The SFT judgment in the case of Caster Semenya against World Athletics
4A_248/2019, Caster Semenya v. World Athletics & Athletics South Africa (ASA), 4A_398/2019, ASA v World Athletics, judgment of 20 August 2020
The highly publicized Caster Semenya judgment issued by the SFT on 25 August 2020 is important because it raises several issues of principle in international arbitration.
In a nutshell, the case related to the adoption by World Athletics, the world-governing body of Athletics based in Monaco, of a set of regulations (the DSD Regulations) that set out the specific conditions regarding eligibility for a specific category of female athletes, namely athletes with “Differences in Sex Development” (DSD), which must be met in order to compete in specific events in the womens’ category of an international competition, or to set a world record in a non-international competition. The conditions involve lowering the blood testosterone level to below 5 nmol/L for an uninterrupted period of at least six months and maintaining such levels low at all times.
Caster Semenya, a South African gold medalist and Olympic Athlete and specialist in middle-distance races (800 to 3’000 meters), fell within the DSD Athlete category and was directly impacted by these regulations. She unsuccessfully challenged the adoption and validity of the DSD Regulations before the CAS. The hearing lasted five days and the panel accepted a very large number of experts, subsequently rendering a 165-page award. In the following motion to set aside the CAS award before the SFT.
In her subsequent motion to set aside the CAS award, the SFT initially granted her request for interim measures, but eventually withdrew such suspensive effect holding that the likelihood of success condition for granting interim measures was not met in the present case.
As a side issue, and since the Athlete’s national federation (ASA) also filed a motion to set aside the CAS award, the SFT discussed the standing of a third party in federal proceedings (interest worthy of protection distinct from the one of the Athlete) and highlighted the difference between this case and the Guerrero motion filed by FIFA in support of the decision rendered by one of its bodies (FIFA Disciplinary Committee). Accordingly, in this case the national federation not only had a direct interest at stake since it would be called to enact the disputed regulations, but had also filed a claim before the CAS (at 4.1.3 f.)
Another interesting issue discussed was the validity of the waiver of the appeal to the SFT enshrined in the DSD Regulations. The SFT swiftly confirmed its Cañas jurisprudence (BGE 133 Ill 235, para. 4) and held that such a waiver is not enforceable against an athlete since it was not the result of a freely expressed consent by the Appellant association and that it is therefore inoperative (at 4.2.3 f.).
At the outset of its analysis, the SFT reiterated its scope of review, which is limited to the legality of the challenged award with respect to the regulations adopted by an international federation with its seat in Monaco (at 5.1.1 f.). The SFT then stressed the finality of the decisions rendered by the CAS and the structural independence of said arbitral institution as confirmed by several landmark judgments, by reiterating the Lazutina judgment and the Pechstein jurisprudence of the European Court of Human Rights (ECHR) (at 5.1.2).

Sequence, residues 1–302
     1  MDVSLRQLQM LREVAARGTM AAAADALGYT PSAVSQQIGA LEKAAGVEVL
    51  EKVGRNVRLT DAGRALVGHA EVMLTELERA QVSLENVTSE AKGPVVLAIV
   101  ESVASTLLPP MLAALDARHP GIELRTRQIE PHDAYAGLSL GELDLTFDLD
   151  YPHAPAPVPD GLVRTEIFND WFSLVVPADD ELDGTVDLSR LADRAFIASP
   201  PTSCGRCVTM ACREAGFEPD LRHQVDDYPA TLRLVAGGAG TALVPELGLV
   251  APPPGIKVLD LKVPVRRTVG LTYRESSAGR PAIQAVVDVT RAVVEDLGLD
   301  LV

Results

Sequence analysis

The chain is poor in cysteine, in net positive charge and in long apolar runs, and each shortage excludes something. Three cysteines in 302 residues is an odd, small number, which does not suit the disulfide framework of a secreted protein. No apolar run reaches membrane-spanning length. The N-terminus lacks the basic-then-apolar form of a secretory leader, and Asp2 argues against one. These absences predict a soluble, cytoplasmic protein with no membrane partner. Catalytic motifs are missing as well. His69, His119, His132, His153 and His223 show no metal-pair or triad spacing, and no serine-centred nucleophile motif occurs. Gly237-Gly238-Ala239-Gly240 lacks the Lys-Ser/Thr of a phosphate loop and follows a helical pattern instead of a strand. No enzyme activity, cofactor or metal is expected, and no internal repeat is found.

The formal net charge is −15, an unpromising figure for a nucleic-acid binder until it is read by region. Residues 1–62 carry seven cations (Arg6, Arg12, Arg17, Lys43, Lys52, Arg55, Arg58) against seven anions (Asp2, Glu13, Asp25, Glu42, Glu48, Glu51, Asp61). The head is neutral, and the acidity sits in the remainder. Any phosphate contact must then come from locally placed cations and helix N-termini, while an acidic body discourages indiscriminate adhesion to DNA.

Notwithstanding the highly hierarchical structure of sports federations, the SFT left the question whether the DSD Regulations (as regulations of a private actor) could fall within the scope of the discrimination prohibition open.
Overall, the Athlete unsuccessfully pleaded an undue restriction of the Panel’s power of review under Art. 190 (2) (a) and (d) LDIP and divided her plea of violation of public policy into several parts (at 9). Among other issues, the Athlete submitted that the contested Award was contrary to the principle of prohibition of discrimination and that her fundamental rights had been violated. The SFT reiterated that a party cannot directly invoke the violation of provisions of the ECHR, as it has to show how these violations fall within the scope of public policy under Art. 190 para. 2 (e) LDIP.
Another interesting issue that the SFT touched upon – but eventually left undecided – was the scope of the prohibition of discrimination, traditionally addressed to the State under the Swiss Constitution.
The SFT further confirmed that the CAS Panel had carefully carried out its examination from the point of view of the principle of proportionality (at 22.214.171.124) and concluded that the contested award had not violated the principle of public policy, since it held that the DSD Regulations aimed at ensuring fair sport and this constituted a “perfectly legitimate interest” (at 126.96.36.199). Overall, the SFT examined the various pleas raised, including violation of the Athlete’s personality rights, protection of privacy, and economic freedom, and differentiated from other cases such as the Matuzalem judgment, concluding that the DSD regulations were an appropriate, necessary and proportionate measure to the legitimate aims of sporting fairness.
Caster Semenya’s case is now pending before the ECtHR.
Note: the full Judgment is available in French at the website of the Swiss Federal Tribunal www.bger.ch. The English translations of important international arbitration decisions rendered by the Swiss Federal Tribunal (from French, German and Italian) are available on the website www.swissarbitrationdecisions.com , operated jointly by Dr. Despina Mavromati and Dr. Charles Poncet as a service to the international arbitration community.